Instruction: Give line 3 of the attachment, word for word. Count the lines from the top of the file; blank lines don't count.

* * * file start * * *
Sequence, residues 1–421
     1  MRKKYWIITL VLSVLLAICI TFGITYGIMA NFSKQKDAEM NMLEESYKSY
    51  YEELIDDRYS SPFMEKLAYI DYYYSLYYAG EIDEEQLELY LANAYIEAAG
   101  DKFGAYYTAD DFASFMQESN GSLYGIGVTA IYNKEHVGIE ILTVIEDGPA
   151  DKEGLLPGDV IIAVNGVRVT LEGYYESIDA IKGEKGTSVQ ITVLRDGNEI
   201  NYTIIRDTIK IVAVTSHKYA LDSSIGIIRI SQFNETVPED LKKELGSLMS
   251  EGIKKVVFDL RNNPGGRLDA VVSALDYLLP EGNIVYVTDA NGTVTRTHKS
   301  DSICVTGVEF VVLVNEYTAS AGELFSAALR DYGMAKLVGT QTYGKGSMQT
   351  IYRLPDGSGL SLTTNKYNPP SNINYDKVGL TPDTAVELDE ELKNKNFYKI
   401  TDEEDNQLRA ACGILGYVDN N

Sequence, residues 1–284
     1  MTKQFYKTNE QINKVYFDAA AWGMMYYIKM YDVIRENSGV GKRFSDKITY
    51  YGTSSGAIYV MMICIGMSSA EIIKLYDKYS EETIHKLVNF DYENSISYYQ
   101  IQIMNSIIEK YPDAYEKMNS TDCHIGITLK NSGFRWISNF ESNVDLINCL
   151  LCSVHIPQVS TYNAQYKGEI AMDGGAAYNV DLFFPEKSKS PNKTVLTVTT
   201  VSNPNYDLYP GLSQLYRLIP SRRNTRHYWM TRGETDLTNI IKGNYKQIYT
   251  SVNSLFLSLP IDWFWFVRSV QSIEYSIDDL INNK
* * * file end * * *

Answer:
    51  YEELIDDRYS SPFMEKLAYI DYYYSLYYAG EIDEEQLELY LANAYIEAAG